23 Jan To be happy and successful, you really need to learn these life skills
For almost two decades now, I’ve been saying that…
…achieving happiness requires little more than practising a few simple disciplines, each and every day.
That’s just another way of saying that happiness is the result of certain intentional behaviours; and those behaviours can be considered in much the same way as skills; and just like any other skills the more you practice them the better you get.
Hence, certain life skills will bring more happiness and if this is something you’d like to enjoy then keep reading…
via Inc.com by John Hall
Whether you’re an entrepreneur, a company leader, or an entry-level employee, there are certain life skills that will not only increase your chances of being successful but will also help you maintain that success.
As I plot my goals for this year, one is making sure my kids are consistently learning these skills — I still don’t see them being taught in school as much as they should, which is a bit disappointing. These include things like personal finance, which my mom taught me at an early age. This actually set me up to obtain my first loan for my first business.
But what other important life skills are needed to help you — or your children — become super successful in life? Here are seven skills that I believe are absolutely essential.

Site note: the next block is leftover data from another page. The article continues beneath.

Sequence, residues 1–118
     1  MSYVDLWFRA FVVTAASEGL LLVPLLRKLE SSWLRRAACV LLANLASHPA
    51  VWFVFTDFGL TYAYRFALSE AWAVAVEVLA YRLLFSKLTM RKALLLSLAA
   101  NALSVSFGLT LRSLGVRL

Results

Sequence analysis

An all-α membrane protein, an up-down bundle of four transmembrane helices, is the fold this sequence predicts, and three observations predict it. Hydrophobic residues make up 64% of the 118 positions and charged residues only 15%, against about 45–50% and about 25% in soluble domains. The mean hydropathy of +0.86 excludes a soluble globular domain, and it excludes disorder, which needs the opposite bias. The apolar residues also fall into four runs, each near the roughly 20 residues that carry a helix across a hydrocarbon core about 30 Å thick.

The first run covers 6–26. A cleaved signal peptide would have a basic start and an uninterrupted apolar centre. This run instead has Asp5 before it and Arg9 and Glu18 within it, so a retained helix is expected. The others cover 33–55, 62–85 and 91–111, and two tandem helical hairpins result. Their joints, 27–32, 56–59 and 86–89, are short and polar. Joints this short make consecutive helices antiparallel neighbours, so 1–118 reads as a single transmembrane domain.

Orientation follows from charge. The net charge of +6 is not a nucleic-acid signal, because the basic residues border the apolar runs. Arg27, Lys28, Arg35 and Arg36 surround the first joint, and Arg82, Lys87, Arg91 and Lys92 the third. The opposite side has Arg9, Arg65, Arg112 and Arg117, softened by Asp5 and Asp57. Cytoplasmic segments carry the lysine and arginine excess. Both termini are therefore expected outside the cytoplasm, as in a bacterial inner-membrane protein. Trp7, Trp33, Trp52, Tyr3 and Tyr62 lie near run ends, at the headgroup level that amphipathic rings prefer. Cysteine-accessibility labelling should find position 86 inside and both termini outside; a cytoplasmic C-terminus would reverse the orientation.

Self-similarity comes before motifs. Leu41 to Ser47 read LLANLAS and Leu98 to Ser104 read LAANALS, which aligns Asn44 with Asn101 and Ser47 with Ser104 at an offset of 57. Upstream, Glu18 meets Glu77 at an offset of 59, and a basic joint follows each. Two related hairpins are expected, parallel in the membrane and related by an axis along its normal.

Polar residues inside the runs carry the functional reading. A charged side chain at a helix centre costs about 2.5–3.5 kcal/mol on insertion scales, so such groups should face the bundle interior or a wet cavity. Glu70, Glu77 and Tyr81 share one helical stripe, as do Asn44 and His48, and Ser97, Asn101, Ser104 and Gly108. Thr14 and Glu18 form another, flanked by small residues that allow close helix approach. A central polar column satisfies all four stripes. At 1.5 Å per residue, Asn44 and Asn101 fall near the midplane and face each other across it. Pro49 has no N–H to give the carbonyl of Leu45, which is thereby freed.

1. Money management
I recently set up bank accounts for my 2-year-old and 5-year-old. As crazy as that may sound, my bank offers a 5 percent interest rate on its checking accounts for up to $500. Needless to say, I was pretty amped about that. But the real purpose was more about getting them to think about saving money and setting goals. Yes, that’s right: My 5-year-old has financial goals.
Unfortunately, I frequently run into people who desperately want to start their own business or make the jump from their crappy corporate job. Unfortunately, money prevents them from achieving these goals because they don’t have the down payment or financial cushion to take a worthwhile risk.
2. Mental health
It used to be taboo to bring up your mental health among friends. However, as society has become more open about the importance of mental health, it’s become acceptable to acknowledge that your mental health is something that you need to work on.
“Mental health” doesn’t just refer to being diagnosed with a mental illness: Mental health also covers lacking confidence, paralysis from setbacks, and too much negative self-talk. These not only can drastically affect your performance, but they can also lead to a lack of gratitude and resilience — and, eventually, contentment. As a result, this can make it so that no matter how well you perform, you don’t take even a second to appreciate your success. You struggle to be thankful for what you have or dust yourself off when you fall down…
…keep reading the full & original article HERE